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International Monetary Fund PowerPoint Presentation
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International Monetary Fund

International Monetary Fund

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International Monetary Fund

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  1. International Monetary Fund Capital Flow Reversals Josh Felman IMF Research Department Philippine Economic Association November 15, 2013 The views expressed in this presentation are those of the author and do not necessarily represent those of the IMF or IMF policy.

  2. Capital Flows to EMs (cumulative inflows since January 2010; billions of U.S. dollars) Emerging Asia Latin America Bernanke Taper Talk Bernanke Taper Talk Draghi’s Speech Draghi’s Speech Irish Crisis Irish Crisis Greek Crisis 1st ECB LTROs Greek Crisis 1st ECB LTROs Middle East and North Africa Other Emerging Markets Bernanke Taper Talk Bernanke Taper Talk Draghi’s Speech Draghi’s Speech Irish Crisis 1st ECB LTROs Irish Crisis Greek Crisis Greek Crisis 1st ECB LTROs Source: IMF, EPFR database. 1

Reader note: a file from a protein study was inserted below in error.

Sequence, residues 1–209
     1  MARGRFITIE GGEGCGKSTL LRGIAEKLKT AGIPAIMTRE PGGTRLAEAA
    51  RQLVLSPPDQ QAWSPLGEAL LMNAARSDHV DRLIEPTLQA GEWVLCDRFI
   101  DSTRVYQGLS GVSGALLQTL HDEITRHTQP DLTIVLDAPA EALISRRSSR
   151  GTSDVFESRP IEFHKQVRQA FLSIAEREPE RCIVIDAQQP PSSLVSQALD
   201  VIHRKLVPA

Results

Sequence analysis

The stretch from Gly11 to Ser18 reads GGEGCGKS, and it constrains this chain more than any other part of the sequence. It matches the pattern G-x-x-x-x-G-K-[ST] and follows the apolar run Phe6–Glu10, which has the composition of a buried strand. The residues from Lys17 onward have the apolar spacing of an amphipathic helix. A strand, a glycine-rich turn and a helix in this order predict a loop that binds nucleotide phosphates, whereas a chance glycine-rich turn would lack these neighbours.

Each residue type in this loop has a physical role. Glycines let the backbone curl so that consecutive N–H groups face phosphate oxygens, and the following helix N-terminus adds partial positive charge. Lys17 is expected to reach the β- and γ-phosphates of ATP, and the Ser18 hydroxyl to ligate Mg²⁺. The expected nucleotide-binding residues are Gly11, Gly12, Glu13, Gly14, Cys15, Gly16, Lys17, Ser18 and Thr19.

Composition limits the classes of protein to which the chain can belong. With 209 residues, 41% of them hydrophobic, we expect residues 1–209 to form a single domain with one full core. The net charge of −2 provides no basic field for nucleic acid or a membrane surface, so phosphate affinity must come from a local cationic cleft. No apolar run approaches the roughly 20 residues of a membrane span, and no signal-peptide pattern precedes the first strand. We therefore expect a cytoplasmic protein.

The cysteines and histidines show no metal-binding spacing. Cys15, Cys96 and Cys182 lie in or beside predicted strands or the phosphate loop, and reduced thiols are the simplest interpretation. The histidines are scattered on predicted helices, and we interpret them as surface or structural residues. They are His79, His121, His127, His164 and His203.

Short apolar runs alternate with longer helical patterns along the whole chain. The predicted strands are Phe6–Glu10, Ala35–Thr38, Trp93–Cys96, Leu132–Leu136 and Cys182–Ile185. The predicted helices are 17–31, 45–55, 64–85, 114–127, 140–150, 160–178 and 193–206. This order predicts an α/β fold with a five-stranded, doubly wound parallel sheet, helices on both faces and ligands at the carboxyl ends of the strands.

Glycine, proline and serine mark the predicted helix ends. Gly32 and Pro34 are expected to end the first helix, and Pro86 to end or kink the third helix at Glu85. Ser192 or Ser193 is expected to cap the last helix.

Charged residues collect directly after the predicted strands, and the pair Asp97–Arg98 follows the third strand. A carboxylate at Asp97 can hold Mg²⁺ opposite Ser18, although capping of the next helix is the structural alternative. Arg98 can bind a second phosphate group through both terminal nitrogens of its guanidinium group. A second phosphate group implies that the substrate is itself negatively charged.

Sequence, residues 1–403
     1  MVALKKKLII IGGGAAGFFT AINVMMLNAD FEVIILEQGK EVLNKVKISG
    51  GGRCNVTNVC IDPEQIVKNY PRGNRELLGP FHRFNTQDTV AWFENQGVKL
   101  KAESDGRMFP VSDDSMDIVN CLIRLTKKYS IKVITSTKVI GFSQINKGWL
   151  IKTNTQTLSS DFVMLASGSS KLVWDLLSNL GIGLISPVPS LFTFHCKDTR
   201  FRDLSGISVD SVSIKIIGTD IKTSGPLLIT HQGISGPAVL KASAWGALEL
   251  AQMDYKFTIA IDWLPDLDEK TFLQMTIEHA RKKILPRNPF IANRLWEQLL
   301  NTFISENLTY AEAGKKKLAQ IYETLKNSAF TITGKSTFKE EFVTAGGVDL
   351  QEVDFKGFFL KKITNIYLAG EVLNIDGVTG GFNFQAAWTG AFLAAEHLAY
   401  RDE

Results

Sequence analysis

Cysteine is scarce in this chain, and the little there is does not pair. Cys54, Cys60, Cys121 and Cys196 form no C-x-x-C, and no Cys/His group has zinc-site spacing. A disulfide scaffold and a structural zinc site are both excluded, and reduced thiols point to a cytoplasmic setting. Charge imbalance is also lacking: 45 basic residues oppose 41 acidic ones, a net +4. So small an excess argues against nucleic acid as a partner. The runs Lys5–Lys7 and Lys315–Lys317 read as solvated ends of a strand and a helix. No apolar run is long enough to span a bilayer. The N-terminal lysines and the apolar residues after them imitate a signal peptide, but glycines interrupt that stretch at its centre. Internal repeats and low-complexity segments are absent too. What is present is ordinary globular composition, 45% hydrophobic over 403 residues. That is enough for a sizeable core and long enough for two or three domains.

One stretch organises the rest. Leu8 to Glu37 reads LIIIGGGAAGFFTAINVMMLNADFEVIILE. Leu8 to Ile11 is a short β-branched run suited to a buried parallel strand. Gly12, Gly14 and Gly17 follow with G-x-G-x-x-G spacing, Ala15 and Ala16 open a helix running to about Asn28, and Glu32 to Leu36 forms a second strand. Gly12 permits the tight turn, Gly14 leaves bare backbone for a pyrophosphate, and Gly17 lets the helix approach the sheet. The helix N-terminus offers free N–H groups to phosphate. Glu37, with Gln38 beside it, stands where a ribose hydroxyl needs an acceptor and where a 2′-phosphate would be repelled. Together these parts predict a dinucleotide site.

3. Capital Flows and Output G-20 Emerging: Net Capital Inflows and Growth 13Q2 Sources: IMF, Balance of Payments Statistics; and IMF staff calculations. 2

  4. Flows to Advanced Countries Australia: Domestic Portfolio Investments (percent of GDP) 13Q2 Sources: IMF, Balance of Payments Statistics; and IMF staff calculations. 3

  5. 1994 Redux? G20 Emerging: Net Cumulative Inflows (percent of GDP) US: Change in 10-Year Government Bond Yield (percentage point) Gross Capital Flows (percent of GDP) Mexican Crisis Mexican Crisis Sources: IMF, World Economic Outlook; and Bloomberg, L.P. 1/ Mexican crisis; t = December 1993. 2/ Bernanke taper talk; t = April 2013. 4